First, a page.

Early Social-Emotional Functioning and Public Health: The Relationship Between Kindergarten Social Competence and Future Wellness
American Journal of Public Health. July 16, 2015
Damon E. Jones, et al
Objectives. We examined whether kindergarten teachers’ ratings of children’s prosocial skills, an indicator of noncognitive ability at school entry, predict key adolescent and adult outcomes. Our goal was to determine unique associations over and above other important child, family, and contextual characteristics.
Methods. Data came from the Fast Track study of low–socioeconomic status neighborhoods in 3 cities and 1 rural setting. We assessed associations between measured outcomes in kindergarten and outcomes 13 to 19 years later (1991–2000). Models included numerous control variables representing characteristics of the child, family, and context, enabling us to explore the unique contributions among predictors.
Results. We found statistically significant associations between measured social-emotional skills in kindergarten and key young adult outcomes across multiple domains of education, employment, criminal activity, substance use, and mental health.
Conclusions. A kindergarten measure of social-emotional skills may be useful for assessing whether children are at risk for deficits in noncognitive skills later in life and, thus, help identify those in need of early intervention. These results demonstrate the relevance of noncognitive skills in development for personal and public health outcomes.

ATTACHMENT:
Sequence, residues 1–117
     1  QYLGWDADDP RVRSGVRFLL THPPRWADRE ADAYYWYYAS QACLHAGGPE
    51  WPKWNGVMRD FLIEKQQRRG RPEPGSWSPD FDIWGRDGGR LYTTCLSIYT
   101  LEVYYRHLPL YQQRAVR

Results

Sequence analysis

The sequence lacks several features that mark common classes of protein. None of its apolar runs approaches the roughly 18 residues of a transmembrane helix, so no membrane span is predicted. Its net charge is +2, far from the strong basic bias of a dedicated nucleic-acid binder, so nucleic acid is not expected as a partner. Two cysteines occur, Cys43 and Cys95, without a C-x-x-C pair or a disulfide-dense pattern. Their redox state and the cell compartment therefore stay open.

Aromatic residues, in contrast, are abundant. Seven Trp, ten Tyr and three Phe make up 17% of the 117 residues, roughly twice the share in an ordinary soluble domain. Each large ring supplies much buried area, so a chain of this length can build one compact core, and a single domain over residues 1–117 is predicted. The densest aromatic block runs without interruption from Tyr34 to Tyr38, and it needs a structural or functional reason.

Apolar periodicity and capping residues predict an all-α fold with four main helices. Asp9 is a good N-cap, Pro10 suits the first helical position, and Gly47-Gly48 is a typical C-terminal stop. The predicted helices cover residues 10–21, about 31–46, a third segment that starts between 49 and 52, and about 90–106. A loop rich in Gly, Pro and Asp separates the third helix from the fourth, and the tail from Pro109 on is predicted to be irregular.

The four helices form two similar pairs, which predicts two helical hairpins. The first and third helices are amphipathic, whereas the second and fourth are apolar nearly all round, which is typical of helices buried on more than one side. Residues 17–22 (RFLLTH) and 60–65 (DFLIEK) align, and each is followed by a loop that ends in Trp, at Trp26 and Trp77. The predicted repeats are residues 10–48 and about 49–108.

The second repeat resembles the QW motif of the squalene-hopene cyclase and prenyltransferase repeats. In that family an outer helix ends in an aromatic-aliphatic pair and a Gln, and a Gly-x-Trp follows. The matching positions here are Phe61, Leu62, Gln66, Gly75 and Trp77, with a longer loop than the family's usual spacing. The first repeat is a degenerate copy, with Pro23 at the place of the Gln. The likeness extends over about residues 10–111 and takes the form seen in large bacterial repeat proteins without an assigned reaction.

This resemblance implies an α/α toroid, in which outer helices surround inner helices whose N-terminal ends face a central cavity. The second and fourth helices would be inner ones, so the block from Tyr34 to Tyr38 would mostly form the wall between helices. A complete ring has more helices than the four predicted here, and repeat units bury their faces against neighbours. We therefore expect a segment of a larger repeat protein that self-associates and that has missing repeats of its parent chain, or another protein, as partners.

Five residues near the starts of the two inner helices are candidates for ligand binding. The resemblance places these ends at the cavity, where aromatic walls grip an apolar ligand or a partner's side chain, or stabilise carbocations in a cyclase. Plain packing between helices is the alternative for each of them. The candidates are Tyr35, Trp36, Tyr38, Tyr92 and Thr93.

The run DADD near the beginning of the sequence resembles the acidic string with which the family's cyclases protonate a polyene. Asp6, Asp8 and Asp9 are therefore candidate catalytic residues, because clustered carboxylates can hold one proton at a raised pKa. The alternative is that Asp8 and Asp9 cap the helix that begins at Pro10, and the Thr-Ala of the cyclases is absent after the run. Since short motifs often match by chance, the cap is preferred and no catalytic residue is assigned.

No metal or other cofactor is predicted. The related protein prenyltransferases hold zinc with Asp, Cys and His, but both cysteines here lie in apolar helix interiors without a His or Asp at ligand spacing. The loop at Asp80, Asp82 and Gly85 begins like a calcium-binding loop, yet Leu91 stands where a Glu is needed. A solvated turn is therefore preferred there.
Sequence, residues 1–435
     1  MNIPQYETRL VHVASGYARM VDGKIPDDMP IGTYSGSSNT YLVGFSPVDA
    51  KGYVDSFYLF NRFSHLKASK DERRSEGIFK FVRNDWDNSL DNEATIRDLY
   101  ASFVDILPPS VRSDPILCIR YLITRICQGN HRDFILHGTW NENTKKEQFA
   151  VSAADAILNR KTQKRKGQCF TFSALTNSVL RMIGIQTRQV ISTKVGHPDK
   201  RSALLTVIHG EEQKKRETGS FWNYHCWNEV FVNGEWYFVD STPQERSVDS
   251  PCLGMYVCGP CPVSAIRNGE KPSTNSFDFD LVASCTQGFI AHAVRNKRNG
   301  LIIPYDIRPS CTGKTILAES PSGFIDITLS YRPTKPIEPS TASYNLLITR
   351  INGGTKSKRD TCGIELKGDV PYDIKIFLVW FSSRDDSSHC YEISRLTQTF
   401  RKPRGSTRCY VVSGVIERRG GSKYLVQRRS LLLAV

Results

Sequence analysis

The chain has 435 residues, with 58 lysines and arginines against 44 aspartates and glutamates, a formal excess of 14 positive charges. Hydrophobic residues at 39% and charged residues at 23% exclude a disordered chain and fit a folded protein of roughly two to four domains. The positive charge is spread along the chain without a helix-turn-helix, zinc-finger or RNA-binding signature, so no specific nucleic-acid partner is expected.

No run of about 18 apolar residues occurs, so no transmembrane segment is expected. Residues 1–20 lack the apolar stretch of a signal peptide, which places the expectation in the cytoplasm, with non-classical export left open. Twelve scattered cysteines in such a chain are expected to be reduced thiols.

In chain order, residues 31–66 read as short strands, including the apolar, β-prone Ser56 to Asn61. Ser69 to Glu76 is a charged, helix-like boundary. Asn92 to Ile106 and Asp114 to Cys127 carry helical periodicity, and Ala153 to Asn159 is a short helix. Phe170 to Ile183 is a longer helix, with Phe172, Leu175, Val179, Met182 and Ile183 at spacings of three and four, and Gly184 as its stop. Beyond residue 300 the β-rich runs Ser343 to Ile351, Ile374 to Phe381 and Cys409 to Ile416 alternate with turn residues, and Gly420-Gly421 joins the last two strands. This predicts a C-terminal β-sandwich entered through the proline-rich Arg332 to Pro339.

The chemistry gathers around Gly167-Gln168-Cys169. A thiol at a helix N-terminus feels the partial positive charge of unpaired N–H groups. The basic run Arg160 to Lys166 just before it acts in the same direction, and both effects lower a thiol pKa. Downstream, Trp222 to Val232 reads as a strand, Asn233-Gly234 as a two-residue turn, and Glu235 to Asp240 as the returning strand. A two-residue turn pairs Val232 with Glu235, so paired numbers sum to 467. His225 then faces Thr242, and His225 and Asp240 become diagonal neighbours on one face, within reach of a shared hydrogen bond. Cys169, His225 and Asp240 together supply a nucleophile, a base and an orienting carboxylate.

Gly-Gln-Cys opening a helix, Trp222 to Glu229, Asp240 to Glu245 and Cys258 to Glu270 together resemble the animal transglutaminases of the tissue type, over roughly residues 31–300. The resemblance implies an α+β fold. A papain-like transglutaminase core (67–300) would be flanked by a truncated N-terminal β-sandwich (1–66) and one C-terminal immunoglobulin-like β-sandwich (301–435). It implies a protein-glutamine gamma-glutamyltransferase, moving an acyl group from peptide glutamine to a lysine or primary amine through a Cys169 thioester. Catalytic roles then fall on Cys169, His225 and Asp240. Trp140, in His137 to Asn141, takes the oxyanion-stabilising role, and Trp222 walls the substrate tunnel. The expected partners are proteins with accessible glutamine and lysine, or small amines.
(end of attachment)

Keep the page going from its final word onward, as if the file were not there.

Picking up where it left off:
Teachers of 753 kindergartners were asked to rate each student’s skill level in eight areas:
● Resolves peer problems on his/her own.
● Is very good at understanding other people’s feelings.
● Shares materials with others.
● Cooperates with peers without prompting.
● Is helpful to others.
● Listens to others’ point of view.
● Can give suggestions and opinions without being bossy
● Acts friendly toward others.
Teaching Strategies for Early Childhood Education
Jun 19, 2019